Physics Model Determines Dynamics of Friends and Enemies

December 2, 2009 By Lisa Zyga, feature

In these socially balanced and unbalanced configurations of a triangle, solid edges represent friendly relationships, and dashed edges hostile relationships. Image credit: Marvel, et al.
( -- Sometimes friends can become enemies and enemies become friends, and it’s difficult to understand exactly how or why the changes took place. A new study shows that when the shifting of alliances and rivalries is interpreted using principles from social psychology, the overall behavior can be modeled as arising from an energy minimization process. The work is part of a growing line of research that uses tools from physics to analyze complex social systems.

In their study, Seth Marvel, Steven Strogatz, and Jon Kleinberg from Cornell University have used theories from social psychology to classify certain configurations of and enemies as being more stable than others. They show that these configurations can be represented by an energy landscape, in which the overall corresponds to a kind of energy that relaxes as relationships shift between friends and enemies.

In their model, the researchers used plus signs to represent friendships between two individuals, and minus signs when two individuals were enemies. Some configurations in a group were considered balanced, while others were unbalanced. For example, in a balanced configuration, the enemy of your enemy should be your friend, and the friend of your enemy should be your enemy. In the scientists’ model, these balanced configurations require less energy to maintain, and are the global minima in the energy landscape. The configurations of lowest possible energy are those in which all pairs in the network are friends, or in which the network is divided into two “rival factions”: two groups of mutual friends who are antagonistic toward each other.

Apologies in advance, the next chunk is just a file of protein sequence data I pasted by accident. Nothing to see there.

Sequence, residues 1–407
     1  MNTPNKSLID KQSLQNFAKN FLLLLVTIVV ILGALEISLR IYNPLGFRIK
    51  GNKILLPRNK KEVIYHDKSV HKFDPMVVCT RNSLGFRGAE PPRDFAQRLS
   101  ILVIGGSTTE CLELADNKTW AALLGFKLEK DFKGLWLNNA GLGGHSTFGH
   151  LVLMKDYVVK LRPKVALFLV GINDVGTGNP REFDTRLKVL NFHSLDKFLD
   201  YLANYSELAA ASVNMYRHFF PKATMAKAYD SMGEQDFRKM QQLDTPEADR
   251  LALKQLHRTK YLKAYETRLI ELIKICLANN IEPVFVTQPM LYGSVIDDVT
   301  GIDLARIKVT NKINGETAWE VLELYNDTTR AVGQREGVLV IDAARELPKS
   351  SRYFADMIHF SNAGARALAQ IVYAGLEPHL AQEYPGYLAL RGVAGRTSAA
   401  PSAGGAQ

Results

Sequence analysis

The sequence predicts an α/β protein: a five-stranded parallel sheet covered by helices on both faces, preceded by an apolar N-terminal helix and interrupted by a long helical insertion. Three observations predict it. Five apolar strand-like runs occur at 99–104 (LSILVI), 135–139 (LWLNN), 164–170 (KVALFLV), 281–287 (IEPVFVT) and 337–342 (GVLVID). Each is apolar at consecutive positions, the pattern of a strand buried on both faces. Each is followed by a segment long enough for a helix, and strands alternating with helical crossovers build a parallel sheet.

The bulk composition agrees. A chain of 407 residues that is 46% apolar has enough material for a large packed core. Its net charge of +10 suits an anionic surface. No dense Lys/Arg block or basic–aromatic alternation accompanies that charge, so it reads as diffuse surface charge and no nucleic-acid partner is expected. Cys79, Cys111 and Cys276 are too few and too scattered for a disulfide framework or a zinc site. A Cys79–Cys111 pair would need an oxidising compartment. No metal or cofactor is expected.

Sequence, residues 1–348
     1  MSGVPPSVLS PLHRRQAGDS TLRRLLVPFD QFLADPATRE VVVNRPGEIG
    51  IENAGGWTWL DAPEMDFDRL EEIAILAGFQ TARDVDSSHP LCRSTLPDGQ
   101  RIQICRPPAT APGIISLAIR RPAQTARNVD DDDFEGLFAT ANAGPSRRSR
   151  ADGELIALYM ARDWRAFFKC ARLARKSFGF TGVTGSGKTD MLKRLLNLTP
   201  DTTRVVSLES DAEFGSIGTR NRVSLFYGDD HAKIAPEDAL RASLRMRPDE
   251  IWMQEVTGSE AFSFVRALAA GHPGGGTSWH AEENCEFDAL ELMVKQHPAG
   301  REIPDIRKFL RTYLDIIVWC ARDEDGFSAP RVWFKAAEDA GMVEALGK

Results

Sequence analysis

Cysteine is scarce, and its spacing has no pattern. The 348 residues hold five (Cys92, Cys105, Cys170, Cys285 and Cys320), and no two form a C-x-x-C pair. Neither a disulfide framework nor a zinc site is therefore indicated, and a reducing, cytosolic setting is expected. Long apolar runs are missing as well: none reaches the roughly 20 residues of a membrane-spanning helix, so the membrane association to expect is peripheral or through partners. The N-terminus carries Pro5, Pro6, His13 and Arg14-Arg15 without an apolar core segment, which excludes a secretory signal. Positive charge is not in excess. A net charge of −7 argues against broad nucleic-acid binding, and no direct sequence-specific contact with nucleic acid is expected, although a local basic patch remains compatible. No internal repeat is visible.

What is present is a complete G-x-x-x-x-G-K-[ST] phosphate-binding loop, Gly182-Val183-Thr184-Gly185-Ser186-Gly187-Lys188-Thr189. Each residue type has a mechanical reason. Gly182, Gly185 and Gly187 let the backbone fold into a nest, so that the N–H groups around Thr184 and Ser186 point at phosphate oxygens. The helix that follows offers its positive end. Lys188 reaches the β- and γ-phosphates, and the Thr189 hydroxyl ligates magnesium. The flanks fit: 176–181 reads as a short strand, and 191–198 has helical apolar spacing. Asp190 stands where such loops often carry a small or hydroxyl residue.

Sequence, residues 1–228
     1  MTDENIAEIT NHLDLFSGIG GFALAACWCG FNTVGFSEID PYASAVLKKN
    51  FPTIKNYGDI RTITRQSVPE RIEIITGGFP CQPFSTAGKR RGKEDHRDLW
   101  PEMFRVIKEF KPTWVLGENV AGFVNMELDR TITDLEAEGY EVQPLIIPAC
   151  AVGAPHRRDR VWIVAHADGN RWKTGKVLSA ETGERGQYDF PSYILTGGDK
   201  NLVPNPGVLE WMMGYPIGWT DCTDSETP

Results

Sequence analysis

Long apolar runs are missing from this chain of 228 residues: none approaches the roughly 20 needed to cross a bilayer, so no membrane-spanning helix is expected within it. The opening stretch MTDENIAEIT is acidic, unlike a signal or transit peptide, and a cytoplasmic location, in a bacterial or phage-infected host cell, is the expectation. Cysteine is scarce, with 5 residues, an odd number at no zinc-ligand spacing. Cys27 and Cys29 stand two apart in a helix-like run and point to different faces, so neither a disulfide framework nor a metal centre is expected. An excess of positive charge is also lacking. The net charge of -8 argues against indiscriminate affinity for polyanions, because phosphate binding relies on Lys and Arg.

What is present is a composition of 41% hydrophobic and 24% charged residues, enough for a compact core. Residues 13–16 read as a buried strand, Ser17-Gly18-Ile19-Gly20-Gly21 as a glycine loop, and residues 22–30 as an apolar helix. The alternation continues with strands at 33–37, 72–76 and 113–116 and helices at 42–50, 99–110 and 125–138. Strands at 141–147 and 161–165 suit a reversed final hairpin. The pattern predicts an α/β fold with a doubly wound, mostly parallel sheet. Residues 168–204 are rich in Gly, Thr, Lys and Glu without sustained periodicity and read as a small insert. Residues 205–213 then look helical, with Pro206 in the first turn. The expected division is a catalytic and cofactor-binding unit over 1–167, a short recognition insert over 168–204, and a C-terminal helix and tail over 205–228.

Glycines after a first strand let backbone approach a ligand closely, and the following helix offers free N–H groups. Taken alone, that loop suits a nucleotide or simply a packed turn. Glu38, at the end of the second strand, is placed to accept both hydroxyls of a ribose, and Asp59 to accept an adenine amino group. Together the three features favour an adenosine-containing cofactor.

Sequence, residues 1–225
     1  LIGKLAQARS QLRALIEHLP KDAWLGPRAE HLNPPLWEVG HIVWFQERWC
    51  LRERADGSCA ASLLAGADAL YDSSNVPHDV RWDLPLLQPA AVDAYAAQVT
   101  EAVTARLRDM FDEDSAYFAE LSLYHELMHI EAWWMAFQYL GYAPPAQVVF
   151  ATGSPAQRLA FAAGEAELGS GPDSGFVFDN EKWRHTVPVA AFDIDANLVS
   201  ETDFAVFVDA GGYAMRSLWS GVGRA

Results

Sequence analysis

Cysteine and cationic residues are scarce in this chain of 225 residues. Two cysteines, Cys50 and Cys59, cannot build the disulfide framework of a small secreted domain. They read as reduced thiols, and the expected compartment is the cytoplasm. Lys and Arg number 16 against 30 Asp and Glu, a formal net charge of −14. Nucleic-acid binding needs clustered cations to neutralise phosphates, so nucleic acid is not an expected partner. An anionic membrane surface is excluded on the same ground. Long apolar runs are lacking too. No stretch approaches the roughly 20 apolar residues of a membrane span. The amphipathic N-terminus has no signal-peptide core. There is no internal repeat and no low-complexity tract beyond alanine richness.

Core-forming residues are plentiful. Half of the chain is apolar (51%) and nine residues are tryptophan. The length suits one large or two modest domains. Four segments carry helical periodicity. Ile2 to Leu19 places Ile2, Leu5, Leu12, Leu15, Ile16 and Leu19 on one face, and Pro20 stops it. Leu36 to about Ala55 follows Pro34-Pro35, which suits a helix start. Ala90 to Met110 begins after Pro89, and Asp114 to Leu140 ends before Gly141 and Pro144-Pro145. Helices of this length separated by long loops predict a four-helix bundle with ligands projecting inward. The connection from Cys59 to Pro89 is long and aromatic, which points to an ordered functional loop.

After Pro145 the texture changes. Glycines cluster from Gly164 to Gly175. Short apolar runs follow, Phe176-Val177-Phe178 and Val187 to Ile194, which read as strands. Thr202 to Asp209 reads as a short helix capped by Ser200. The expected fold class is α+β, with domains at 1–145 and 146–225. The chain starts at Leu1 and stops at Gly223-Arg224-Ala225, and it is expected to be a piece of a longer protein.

While this description of the lowest-energy configurations has been studied in previous work, the researchers found that the overall energy landscape is more complex than previously thought. Specifically, they found that “jammed states,” or local minima, occur when a configuration is trapped between adjacent configurations of higher energy, prohibiting it from moving toward the lowest energy state (a balanced configuration). When investigating the structure of these jammed states, the researchers found that these states form more often at lower energies, and higher-energy jammed states are structurally more complex than lower-energy jammed states.

“Earlier work by Antal, Krapivsky, and Redner had shown that jammed states could exist, and so our interest was in developing a more complete picture of the possible energy levels and structures of these jammed states,” Kleinberg said said to “We find that jammed states can exist at surprisingly high energies, and that the pattern of friend/enemy relationships within a jammed state has an inherent complexity that increases as we move higher up the energy landscape.”

These results provide a first look at how social networks can be viewed as energy landscapes that are driven by minimizing social stress (or, by the same token, increasing consistency in relationships). While this study reveals insight into the landscape’s local and global minima, in the future the researchers hope to better understand the large-scale structure. By doing so, they could possibly find pathways leading from the most entrenched conflicts toward states of reconciliation.